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SIM card registration stirs concern in Africa

o Michael Malakata
14.05.2010 kl 16:29 |

As more African governments move to register prepaid mobile SIM cards, concerns are rising over the impact of the initiative on the performance of mobile operators.


As more African governments move to register prepaid mobile SIM cards, concerns are rising over the impact of the initiative on the performance of mobile operators.

There is growing evidence that SIM card registration laws that were introduced in South Africa, Tanzania, Botswana and Cameroon within the last few months are slowing down customer growth, as subscribers hesitate to give out their personal details to service providers. Some subscribers are worried that SIM card registration will give authorities the ability to monitor people wherever they may be, examining conversations, text messages and Internet activity.

Operators, meanwhile, are concerned that card registration is putting a damper on subscriber growth, leading to a decline in revenue. The registration of SIM cards is already making it difficult for pan-African mobile service provider Zain to roll out and implement the One Network service because some countries in which Zain has a presence have no SIM registration laws while others do.

One Network is already operational in 10 countries in Africa and the Middle East, offering local rates with no roaming charges. Zain subscribers, however, will not be able to register their SIM cards in all the countries where the service is available.

African governments claim that the implementation of the SIM cards registration is aimed at tracking down criminals who use cell phones to commit crimes, and will not slow down growth.

Africa is experiencing phenomenal growth in the use of mobile phones compared to other regions of the world. Many phones are stolen every day, and criminals also use mobile devices to commit crimes. In Nigeria and Somalia, for example, criminals are using mobile phones in ship hijackings, abduction of foreign oil workers and as a way to demand ransom.

In Tanzania, however, thousands of subscribers have already refused to register their SIM cards. The telecom regulator plans to deactivate cards that are not registered. Other African countries, including Zambia, Uganda and Kenya, are still considering SIM card registration.

"SIM card registration is good for security reasons because of high cases of thefts. We are in support of Zambia introducing the registration," said Milner Makuni, past president of the Computer Society of Zambia.

The Nigerian government, through the Nigeria Communications Commission (NCC), kicked off its SIM card registration campaign last week for new subscribers but excluded existing subscribers. Nigeria is Africa's largest telecom market. Skeptics have questioned the ability of the NCC to register the existing 70 million subscribers, since neither the regulator nor the mobile operators have data for those users.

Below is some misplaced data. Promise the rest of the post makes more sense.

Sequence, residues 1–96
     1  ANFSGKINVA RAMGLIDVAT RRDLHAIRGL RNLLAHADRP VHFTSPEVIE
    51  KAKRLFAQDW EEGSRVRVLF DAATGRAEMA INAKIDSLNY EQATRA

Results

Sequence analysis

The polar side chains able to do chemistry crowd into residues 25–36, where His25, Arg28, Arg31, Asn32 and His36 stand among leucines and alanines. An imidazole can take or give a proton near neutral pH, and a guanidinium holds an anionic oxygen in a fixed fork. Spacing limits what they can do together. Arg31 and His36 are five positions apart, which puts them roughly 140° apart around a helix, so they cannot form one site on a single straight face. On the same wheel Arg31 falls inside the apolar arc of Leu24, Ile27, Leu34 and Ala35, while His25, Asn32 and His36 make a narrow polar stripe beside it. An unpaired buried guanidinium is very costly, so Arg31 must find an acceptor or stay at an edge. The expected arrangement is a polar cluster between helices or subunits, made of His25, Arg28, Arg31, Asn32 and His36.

The global financial services company USB has already lowered forecasts for mobile provider MTN amid concerns that subscriber registration would lead to lower revenue this year.

MTN and Vodacom last year both recorded a slowdown in customer growth and blamed it on the SIM card registration law. MTN operates in more then 16 countries in Africa while Vodacom operates in five nations on the continent, including Tanzania, Mozambique, Lesotho and the Democratic Republic of Congo (DRC).

In South Africa, the Regulation of Interception of Communications and Provision of Communication Related Information Act (RICA) came into force in July last year. As in many countries in Africa where SIM card registration laws have been enacted, anyone who buys a card in Nigeria and South Africa without registering risks being arrested and prosecuted by police. The theory is that if a call is linked to a crime, the police can find out who bought the SIM card that was used.

But mobile service providers and subscribers claim that the registration is working against the principle of universal access and add to the cost of SIM cards as vendors will invest more in data capturing-technology. Many operators in Africa also claim that attempts by authorities to register in-bound roamers will have a negative impact on foreign currency inflow, owing to muted use of mobile roaming services as tourists shy away from registration.

Meanwhile, countries that have already enacted registration rules appear to be in the middle of a long process. The president of the National Association of Telecommunication Subscribers in Nigeria, Deolu Ogunbanjo, said that the process of registration has been messy, arguing that the NCC has failed to do enough homework to enlighten subscribers and mobile operators about the program.

Keywords: Government  Consumer Electronics  
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